Savoy Books 
AC/DC: Hell Ain’t No
Bad Place To Be


Richard Bunton


b/w & colour illustrated

254mm x 178mm

Soft cover

First publication

Packaged to Omnibus Press


ISBN 0 7119 0061 2


  Before Bob Wise, head of Omnibus Press and Music Sales, appropriated all Savoy's large format rock titles for his company, we packaged our Nugent and AC/DC titles to his offices through International Times editor and William Burroughs archivist (and Savoy supporter) Barry Miles. 'Miles' was for many years the main editor at Omnibus, and author of a thousand 'In Their Own Words' rock biopics. Contains a hilarious chapter on the cultural origins of Angus Young's 'schoolboy' persona. Hell Ain't no Bad Place to Be is dedicated to Michael Moorcock, whose "...Condition of Muzak and other Jerry Cornelius novels offer a credible synthesis of Rock'n'Roll and fiction...", and Linda Steele, for her "...appreciation of the form...".



"Richard Bunton's AC/DC: Hell Ain't No Bad Place to Be. is difficult to judge. The author certainly captures the power and ferocity of the band, with plenty of interesting quotes; but he laces his text with obvious admiration for these hard drinkin', livin' and womanisin' men. "The toughest of the tough" is his proud description of the band at one point, and after a couple of chapters all but their most dedicated fans are liable to find his constant glorification of their more unsociable habits rather tedious.

AC/DC's original lead singer, Bon Scott, drank himself to death in 1980; and Bunton does tone down his admiration for this stunt, although the rest of the book makes one think that secretly he regards Scott's sordid death as all part of the attraction of the band's wild image. It might not seem fair to judge the biography of a rock group on their own image of themselves; but when that image is presented as something to be admired, then it's impossible to divorce the subject from its treatment. AC/DC fans will no doubt find what they want here, which is obviously the reason for the book in the first place."



"Before Men at Work, Icehouse, and Birthday Party, was AC/DC. Australia's 'revenge of the terrible schoolboys...'. But wait—having a high regard for HOT PRESS readers' intelligence—are they expected to take all this enfant terrible stuff seriously? I ask Bunton (a writer of sound credibility) if his book is on the level, or just to pay the bills? "It started out as a strict commercial commission" he admits, "but the more I got into it, the more I appreciated AC/DC, until now I consider them the logical successors to Led Zeppelin". And persevering on such recommendation, there are bits to sink hooks into memorabilia freaks. Of the six Glasgow born Young brothers who migrated Down-Under in 1963, George founded the Easybeats (for the classic 60s pin-up Friday on my Mind), John Paul charted some years later with the tedious smoocheroonie Love is in the Air, while Malcolm's guitar twinned with Angus' school-uniform, shorts and satchel founded AC/DC. From there it's a short step to conceding that For those about to Rock was a ludicrously enjoyable single, and if 1812 cannons are OK then why not Angus' juves-drag? 'Dennis the Menace with an electric dildo!'—Mini-Pops he ain't! And flicking through this lavish profusely illustrated biog it becomes clear that this is Bunton's argument. The best Rock has always been absurd, irreverent, exaggerated, irresponsible and over-the-top. If it's subversive it's only so in the sense that it uncages lascivious and monstrous energies that polite conformity does its best to screw down tight. "There is a compelling sexual fascination about the absurdity of corrupt innocence" he offers as token psychology.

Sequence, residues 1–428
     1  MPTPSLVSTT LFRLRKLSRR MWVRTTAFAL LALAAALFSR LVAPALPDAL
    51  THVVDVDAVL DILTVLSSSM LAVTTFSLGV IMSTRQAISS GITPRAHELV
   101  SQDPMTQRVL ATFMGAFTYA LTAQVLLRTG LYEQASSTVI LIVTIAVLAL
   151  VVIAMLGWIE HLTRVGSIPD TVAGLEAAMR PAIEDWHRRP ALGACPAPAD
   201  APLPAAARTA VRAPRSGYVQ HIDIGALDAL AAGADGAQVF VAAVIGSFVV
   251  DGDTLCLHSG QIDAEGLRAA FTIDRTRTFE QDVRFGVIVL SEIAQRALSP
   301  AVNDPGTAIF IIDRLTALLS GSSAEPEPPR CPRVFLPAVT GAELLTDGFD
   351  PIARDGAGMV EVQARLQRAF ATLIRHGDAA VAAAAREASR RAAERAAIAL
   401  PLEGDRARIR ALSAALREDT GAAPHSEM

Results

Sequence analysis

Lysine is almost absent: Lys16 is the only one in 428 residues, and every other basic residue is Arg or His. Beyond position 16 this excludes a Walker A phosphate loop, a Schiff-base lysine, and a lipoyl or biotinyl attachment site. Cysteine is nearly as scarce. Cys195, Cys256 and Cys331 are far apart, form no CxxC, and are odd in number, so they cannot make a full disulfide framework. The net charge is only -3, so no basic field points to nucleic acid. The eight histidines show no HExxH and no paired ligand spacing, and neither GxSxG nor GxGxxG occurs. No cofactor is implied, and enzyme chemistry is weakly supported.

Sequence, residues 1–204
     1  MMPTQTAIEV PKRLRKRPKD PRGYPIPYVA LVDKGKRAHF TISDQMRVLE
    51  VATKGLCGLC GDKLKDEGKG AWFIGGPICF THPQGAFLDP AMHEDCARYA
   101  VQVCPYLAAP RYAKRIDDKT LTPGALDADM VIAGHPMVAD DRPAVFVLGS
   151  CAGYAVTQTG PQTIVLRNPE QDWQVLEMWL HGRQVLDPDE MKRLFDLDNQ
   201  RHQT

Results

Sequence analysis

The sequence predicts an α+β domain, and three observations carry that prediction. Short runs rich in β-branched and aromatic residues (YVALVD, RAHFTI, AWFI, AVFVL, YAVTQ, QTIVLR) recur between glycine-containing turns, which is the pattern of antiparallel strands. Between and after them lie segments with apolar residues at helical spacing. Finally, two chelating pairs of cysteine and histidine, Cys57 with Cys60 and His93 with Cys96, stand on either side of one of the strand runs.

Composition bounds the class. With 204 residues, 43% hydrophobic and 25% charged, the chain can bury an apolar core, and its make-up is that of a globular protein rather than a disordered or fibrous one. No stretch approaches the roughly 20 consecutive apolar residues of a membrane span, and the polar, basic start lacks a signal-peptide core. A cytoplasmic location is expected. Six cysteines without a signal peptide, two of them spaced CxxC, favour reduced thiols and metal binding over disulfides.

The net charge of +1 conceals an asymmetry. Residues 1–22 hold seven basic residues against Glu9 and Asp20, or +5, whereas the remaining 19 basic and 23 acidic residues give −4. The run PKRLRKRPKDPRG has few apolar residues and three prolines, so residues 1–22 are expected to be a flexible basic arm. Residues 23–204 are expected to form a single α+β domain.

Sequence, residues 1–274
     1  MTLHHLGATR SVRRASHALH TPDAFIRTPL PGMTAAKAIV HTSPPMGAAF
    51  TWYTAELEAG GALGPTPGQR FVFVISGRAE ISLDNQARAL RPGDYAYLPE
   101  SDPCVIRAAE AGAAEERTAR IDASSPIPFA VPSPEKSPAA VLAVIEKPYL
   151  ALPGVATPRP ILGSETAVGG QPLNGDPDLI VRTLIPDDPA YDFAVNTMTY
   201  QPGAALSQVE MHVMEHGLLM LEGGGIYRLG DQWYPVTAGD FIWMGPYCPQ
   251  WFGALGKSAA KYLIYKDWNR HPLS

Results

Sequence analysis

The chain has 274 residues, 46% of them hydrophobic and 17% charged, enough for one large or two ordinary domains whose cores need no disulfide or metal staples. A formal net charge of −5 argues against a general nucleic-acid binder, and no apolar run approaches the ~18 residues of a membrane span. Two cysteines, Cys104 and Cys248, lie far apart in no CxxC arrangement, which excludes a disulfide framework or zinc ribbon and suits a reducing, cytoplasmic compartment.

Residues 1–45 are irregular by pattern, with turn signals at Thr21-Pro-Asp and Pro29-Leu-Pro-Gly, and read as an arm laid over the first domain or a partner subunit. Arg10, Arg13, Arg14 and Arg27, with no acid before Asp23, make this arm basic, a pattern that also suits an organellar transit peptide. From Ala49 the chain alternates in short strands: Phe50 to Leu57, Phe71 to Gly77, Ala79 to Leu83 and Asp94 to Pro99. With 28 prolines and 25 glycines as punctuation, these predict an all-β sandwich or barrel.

It's a recent journalistic conceit to expect significant sociological messages in Rock. So, I guess, no, we're not expected to take it seriously, because being serious ain't the point. With that compass bearing Bunton dons school-cap and hammerdown prose for some 90 pages of breathless narrative snaring the high-voltage saga to rights; indoctrinates the text with lots of unpretty paedophile pics of gurning, mooning, sweating, guitar-hero, nasty retarded school-kid antics; and then tamps it down with full Discography (including bootlegs). I mean, I'd still take ten minutes of Cabaret Voltaire, Box, or UV Pop over every grotesquerie in their Heavy Metal catalogue, but that's probably just a journalistic conceit. And, as a cautionary note, there are still two more Young brothers to go..."


Main Book Page | Author Index | Book Covers Index | Title Index | Articles | The Revenant Zone | Links